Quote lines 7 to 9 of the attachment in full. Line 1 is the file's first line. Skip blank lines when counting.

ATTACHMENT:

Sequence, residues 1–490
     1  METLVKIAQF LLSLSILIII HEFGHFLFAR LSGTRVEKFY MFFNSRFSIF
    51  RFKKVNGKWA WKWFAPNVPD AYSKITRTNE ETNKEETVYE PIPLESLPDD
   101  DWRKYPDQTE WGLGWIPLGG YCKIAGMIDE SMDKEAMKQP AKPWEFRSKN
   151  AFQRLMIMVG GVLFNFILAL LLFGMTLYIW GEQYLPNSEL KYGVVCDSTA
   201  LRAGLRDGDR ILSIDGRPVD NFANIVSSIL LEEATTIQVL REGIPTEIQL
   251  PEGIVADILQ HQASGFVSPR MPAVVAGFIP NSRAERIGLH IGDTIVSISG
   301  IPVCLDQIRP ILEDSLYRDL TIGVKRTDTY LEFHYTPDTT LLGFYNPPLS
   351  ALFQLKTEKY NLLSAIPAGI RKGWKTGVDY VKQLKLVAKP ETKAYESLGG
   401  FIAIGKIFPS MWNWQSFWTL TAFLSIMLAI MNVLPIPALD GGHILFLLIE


   251  PEGIVADILQ HQASGFVSPR MPAVVAGFIP NSRAERIGLH IGDTIVSISG
   301  IPVCLDQIRP ILEDSLYRDL TIGVKRTDTY LEFHYTPDTT LLGFYNPPLS
   351  ALFQLKTEKY NLLSAIPAGI RKGWKTGVDY VKQLKLVAKP ETKAYESLGG